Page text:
There was apparently a last bit of logistical loose-end for the Federal Communications Commission to tie up related to congressional Republicans’ nullification of the former Democratic FCC’s broadband privacy rules.
That loose end has now been tied up. It came in a notice from the FCC published in the Federal Register Sept. 21.
Congress voted in a Congressional Review Act resolution earlier this year to nullify FCC chairman Tom Wheeler’s effort to expand the definition of protected sensitive personal information and require opt-in sharing of ISP information with third parties for marketing purposes.
But that did not nullify the Congressional Record entry for the regulations. The FCC’s new entry in the new record points out that while the CRA treats the rule as if it never went into effect (actually most of it hadn’t before it was nullified), “the Congressional Review Act does not direct the Office of the Federal Register to remove the voided regulatory text and reissue the pre-existing regulatory text.”
So, the FCC entered a new document into the record removing any changes to the original pre-Wheeler framework rules. It made clear it was not making any changes to the Code of Federal Regulations (CFR), which would be subject to public comment and judicial review, aside from upating to reflect what Congress already did, “namely, the nullification of any changes purported to have been made to the CFR by the Report and Order and the reversion to the regulatory text in effect immediately prior to adoption of the Report and Order.” Got it?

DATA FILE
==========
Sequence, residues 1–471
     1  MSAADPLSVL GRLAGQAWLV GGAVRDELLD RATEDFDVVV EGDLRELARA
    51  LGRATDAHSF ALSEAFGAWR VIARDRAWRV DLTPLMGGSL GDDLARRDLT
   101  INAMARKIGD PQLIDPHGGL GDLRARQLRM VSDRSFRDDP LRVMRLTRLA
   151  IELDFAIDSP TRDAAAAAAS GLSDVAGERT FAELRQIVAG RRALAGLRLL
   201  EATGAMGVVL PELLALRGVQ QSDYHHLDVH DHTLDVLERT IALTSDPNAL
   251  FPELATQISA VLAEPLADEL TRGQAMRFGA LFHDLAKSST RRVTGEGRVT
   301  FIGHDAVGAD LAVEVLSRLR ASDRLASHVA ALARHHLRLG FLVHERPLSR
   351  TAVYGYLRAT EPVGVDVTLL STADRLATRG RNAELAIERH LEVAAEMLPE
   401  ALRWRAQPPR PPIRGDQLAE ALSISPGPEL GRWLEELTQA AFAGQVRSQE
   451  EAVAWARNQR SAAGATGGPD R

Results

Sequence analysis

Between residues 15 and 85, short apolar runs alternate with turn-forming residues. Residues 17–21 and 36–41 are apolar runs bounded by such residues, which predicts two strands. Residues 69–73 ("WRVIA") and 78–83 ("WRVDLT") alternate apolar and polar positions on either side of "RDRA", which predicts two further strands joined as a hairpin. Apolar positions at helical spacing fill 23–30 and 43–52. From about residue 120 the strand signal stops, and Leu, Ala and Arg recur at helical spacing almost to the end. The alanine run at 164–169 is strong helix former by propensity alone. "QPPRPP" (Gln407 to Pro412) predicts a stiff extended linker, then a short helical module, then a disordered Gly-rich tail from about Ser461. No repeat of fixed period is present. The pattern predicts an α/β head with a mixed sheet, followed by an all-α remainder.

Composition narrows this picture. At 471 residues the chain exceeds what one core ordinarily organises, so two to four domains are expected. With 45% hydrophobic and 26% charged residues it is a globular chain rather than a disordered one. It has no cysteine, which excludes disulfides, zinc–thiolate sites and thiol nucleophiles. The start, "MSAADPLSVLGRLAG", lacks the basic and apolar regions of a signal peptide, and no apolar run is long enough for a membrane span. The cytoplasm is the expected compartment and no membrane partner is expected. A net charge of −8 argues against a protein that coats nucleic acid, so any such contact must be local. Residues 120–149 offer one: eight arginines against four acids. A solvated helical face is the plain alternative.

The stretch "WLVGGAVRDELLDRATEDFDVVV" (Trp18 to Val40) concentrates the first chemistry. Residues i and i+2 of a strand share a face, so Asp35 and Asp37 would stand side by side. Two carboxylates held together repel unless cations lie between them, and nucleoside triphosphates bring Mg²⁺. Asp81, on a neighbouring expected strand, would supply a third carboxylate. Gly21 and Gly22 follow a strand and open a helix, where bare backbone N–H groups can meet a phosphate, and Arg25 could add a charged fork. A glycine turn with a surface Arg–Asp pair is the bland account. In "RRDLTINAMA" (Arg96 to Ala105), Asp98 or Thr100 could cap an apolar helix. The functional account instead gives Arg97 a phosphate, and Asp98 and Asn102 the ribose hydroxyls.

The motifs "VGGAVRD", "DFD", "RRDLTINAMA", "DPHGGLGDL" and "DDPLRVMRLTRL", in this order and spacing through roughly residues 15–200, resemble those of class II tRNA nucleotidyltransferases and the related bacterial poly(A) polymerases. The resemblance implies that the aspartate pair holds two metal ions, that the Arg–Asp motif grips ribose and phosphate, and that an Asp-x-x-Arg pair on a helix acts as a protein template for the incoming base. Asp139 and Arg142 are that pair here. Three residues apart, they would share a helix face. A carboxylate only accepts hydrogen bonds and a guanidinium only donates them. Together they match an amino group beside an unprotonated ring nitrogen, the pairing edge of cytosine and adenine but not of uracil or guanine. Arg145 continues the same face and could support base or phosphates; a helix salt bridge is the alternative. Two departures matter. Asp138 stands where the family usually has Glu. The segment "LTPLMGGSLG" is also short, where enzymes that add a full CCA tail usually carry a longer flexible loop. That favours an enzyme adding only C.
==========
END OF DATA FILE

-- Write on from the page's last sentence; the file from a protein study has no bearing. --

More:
Contributing editor John Eggerton has been an editor and/or writer on media regulation, legislation and policy for over four decades, including covering the FCC, FTC, Congress, the major media trade associations, and the federal courts. In addition to Multichannel News and Broadcasting + Cable, his work has appeared in Radio World, TV Technology, TV Fax, This Week in Consumer Electronics, Variety and the Encyclopedia Britannica.
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